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The brothers Lorenzo and Tomasso Carcassi collaborated on violins between around 1750 and 1780, and produced numerous superb sounding violins on a Stainer model. This is a very fine example in excellent condition for its age, with a powerful and limpid tone suitable for a demanding professional.
Carcassi is just one of those names …! Behind closed doors, any dealer will admit that not all Italian violins are created equal. Indeed, the further you get from the golden age of Cremona the less “Italian” they seem to become. But amongst the outliers, Gragnani and Carcassi are held in particularly high esteeem for their tonal qualities.
This example is entirely typical, very refined in construction using the best materials, quite highly arched with a long flat plateau to the belly, with lovely delicate edges and a very characterful scroll. It’s unusually well preserved – there’s still plenty of original varnish, and what restoration there is has been carried out to the highest standard in the Hill shop. The table has a post patch and a beautifully executed bassbar crack repair – it has also been half-edged. There’s a wing crack to the right f-hole and a shortish crack in the upper left table. The back and scroll are entirely free from damage – the ribs are generally unblemsihed, but there’s a small piece of new wood to the left of the neck root. All of these repairs are quite standard in a much loved violin of this age. If only all repairs were done with such skill!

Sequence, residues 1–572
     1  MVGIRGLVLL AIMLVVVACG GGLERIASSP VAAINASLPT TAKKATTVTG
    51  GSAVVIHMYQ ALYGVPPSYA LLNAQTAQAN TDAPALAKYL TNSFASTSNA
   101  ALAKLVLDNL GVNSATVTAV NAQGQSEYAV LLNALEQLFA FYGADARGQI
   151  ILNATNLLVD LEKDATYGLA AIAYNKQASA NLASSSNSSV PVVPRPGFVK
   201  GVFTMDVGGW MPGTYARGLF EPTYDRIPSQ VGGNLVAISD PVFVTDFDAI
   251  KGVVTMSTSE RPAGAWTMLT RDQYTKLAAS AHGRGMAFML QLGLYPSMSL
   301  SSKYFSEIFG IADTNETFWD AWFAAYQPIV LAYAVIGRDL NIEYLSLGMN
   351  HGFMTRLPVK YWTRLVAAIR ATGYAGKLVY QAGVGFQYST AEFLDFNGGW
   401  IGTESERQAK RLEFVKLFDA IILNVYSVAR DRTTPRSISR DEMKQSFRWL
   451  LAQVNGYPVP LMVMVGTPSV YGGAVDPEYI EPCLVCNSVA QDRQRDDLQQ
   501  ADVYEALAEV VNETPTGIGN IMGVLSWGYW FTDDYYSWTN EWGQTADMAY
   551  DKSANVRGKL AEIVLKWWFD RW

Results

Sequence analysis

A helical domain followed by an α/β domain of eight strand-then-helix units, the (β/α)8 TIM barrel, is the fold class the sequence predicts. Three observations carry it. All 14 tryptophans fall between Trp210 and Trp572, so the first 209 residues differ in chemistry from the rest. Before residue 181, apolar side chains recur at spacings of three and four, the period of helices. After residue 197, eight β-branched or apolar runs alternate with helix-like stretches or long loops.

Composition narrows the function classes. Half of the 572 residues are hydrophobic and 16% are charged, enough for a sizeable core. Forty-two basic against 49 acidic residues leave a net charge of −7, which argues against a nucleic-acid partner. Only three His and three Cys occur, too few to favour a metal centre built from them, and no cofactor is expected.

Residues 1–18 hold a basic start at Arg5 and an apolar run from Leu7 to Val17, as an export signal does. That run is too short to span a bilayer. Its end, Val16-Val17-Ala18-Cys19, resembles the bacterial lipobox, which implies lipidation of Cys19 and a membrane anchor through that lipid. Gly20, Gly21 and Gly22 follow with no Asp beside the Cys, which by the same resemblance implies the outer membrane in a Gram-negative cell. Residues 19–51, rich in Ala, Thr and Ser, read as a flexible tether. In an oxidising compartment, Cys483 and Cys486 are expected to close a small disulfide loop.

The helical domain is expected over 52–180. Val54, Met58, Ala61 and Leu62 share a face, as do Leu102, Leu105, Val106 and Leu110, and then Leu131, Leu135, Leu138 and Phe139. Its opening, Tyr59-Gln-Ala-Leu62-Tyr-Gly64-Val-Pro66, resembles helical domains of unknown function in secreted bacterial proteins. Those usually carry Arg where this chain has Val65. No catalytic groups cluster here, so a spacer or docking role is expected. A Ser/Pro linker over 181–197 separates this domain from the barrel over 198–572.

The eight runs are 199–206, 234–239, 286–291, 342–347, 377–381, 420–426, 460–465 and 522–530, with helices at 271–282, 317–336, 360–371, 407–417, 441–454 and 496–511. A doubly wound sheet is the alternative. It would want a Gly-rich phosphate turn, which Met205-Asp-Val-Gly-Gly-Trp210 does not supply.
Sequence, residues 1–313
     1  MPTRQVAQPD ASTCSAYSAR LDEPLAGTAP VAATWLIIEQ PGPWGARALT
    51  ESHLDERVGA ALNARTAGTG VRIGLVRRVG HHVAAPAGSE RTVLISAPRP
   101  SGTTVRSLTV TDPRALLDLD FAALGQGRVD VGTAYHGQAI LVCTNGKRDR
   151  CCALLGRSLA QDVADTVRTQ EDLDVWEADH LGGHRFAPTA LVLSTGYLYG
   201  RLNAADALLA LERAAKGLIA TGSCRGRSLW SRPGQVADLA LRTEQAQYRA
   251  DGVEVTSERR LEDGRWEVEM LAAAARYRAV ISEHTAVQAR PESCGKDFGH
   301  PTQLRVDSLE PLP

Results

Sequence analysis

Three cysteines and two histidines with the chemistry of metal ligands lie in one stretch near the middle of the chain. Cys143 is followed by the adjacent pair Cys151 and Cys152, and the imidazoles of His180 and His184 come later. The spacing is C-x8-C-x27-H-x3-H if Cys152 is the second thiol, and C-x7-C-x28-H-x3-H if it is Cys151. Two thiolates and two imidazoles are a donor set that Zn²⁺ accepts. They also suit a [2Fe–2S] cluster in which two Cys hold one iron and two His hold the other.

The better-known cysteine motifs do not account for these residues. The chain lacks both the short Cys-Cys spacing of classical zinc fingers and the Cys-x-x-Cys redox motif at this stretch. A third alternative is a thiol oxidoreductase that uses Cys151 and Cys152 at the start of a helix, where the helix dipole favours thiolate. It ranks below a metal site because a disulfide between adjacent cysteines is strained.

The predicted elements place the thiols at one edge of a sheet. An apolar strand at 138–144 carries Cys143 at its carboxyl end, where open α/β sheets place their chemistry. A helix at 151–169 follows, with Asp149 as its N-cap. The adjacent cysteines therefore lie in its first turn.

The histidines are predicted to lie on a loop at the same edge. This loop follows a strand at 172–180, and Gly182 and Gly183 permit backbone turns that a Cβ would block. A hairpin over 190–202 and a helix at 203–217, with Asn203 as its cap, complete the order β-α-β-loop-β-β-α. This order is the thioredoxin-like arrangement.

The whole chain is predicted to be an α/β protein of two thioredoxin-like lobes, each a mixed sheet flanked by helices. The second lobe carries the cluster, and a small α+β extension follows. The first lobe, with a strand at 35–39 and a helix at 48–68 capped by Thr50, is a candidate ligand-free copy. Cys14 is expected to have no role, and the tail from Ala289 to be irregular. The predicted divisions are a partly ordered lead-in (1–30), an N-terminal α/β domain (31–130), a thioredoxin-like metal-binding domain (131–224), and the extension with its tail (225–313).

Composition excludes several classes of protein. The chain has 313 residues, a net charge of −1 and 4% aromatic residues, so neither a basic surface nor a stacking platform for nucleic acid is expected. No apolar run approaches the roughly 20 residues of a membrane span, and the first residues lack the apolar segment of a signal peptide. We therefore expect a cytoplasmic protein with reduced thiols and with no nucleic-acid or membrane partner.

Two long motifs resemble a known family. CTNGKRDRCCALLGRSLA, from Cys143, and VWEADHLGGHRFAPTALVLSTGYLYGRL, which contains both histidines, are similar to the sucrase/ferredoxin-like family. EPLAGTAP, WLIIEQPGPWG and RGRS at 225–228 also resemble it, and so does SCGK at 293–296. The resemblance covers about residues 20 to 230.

This is quite a special violin with an unusual clarity of tone – I would say it’s uncompromising, but once you get used to it, the sheer responsiveness become quite addictive. It’s pure yet earthy, kind of a gutsy soprano, very much a solo voice.
The upper register of this violin is brilliant and very direct, but you can also dig in on the G string – not always the case on these more sophisticated Italian instruments. The attack is instant, the dynamic range is huge … all in all, this is a serious violin ideally suited to a small chamber group, perhaps the leader of a quartet.
Gorgeous to look at too …!
Dimensions: length of back 35.7cm, stop 130/195mm
Certificate: WE Hill & Sons, London 1960
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